Yesterday, Annan was back in Damascus calling on “everyone with a gun” in Syria to give it a rest—as if all parties were equally to blame for the country’s agony. By what honest argument, after Houla, can one deny Syrians who feel the need to take up arms against the Assad regime? And who can take comfort from what the spokesman for the Syrian foreign ministry, Jihad Makdissi, tweeted today: “Positive & constructive meeting between Annan & President Assad this morning. Details discussed to push forward the plan & end violence”?
Sounds a lot like the Middle East peace process in the last 20 years, doesn't it?
Philip Gourevitch has more on Syria here, in which he writes:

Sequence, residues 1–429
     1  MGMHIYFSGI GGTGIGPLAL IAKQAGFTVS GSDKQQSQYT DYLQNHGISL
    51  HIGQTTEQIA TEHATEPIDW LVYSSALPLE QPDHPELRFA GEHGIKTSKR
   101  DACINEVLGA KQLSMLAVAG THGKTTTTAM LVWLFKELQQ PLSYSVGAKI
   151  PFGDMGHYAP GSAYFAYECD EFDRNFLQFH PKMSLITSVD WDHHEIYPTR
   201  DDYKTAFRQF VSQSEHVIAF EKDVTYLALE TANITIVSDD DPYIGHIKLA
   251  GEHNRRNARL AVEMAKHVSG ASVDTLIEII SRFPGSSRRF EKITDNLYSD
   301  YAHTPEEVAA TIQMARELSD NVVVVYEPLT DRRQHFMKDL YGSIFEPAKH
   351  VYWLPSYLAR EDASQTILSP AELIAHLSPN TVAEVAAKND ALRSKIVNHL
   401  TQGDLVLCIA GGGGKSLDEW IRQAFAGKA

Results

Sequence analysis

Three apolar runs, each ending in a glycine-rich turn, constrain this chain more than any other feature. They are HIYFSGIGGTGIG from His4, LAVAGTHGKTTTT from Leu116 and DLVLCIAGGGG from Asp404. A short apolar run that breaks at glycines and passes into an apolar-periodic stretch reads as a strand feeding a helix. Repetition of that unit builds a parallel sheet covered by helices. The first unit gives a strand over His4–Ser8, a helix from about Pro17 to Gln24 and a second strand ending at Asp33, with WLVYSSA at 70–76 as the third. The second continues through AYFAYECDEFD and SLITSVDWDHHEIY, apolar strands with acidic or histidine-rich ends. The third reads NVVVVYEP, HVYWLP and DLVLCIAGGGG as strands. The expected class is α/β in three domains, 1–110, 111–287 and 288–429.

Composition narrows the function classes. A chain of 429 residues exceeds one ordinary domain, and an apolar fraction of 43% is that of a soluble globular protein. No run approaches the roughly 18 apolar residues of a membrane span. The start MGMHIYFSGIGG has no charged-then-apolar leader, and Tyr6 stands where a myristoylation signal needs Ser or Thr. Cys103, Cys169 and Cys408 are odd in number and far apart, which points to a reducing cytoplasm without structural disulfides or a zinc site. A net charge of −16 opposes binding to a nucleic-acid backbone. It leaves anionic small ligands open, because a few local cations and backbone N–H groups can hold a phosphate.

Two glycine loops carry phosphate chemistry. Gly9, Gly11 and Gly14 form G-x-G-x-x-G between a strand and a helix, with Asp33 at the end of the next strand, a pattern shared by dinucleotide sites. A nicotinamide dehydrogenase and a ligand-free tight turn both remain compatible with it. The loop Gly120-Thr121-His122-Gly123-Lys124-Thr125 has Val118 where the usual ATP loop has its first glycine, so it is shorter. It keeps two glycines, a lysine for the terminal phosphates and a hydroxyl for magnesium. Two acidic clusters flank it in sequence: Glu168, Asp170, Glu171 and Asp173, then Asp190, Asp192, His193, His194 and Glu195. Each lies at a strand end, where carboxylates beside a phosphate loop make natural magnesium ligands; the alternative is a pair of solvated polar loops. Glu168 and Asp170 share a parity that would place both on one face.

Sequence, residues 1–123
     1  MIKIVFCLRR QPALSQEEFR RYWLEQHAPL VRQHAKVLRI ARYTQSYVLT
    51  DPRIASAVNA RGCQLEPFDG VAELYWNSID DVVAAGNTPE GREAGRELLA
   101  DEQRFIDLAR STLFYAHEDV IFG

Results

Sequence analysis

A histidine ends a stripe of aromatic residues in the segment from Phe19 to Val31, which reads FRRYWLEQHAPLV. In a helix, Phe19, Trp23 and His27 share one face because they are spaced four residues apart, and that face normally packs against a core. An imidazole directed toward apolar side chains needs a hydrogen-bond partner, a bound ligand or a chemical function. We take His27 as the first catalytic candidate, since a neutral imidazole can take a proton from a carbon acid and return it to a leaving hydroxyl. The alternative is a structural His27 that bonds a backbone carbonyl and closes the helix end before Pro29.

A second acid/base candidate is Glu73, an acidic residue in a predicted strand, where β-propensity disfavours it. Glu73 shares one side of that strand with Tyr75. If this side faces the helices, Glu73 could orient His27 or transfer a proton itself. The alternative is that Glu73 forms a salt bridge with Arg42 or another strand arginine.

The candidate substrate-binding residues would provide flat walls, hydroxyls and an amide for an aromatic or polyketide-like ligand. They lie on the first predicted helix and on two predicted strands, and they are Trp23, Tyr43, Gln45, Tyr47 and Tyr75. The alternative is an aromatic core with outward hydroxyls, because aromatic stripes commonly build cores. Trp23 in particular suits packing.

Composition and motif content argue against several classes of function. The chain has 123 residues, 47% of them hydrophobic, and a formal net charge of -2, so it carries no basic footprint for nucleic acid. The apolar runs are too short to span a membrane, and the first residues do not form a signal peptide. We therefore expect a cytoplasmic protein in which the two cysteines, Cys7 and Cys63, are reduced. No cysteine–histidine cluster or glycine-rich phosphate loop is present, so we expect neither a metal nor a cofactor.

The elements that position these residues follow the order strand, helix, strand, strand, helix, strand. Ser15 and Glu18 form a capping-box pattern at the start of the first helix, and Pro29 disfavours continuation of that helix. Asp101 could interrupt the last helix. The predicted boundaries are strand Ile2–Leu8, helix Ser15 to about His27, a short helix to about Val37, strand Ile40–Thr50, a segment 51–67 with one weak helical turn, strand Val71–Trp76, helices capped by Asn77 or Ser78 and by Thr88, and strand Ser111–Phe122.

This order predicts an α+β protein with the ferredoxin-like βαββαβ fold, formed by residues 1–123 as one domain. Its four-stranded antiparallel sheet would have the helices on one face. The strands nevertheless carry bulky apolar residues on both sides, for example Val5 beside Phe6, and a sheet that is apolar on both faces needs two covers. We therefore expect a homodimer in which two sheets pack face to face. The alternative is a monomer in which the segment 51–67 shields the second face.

To Syria hawks, like Senators John McCain, Joe Lieberman, and Lindsey Graham, the solution to the crisis is simple: an American- and NATO-led air war against Assad. But, at the NATO summit in Chicago last week, there was no support for the idea. Proponents of intervention like to point out that Obama’s Permanent Representative to NATO, Ivo Daalder, was the co-author of a piece in Foreign Affairs which said that the “victory” in Libya should serve as a model for future interventions to prevent atrocity and support positive political change. But none of the conditions that worked to NATO’s advantage in Libya—its geographical and political self-containment, Qaddafi’s abandonment, the efficacy of the opposition forces, the ease of executing the mission from the air—pertain in Syria. Instead, the situation has all the makings of just the sort of quagmire that NATO is impatient to get out of: the main item on the agenda in Chicago was to declare the plan to withdraw all combat troops from Afghanistan in 2014 “irreversible.”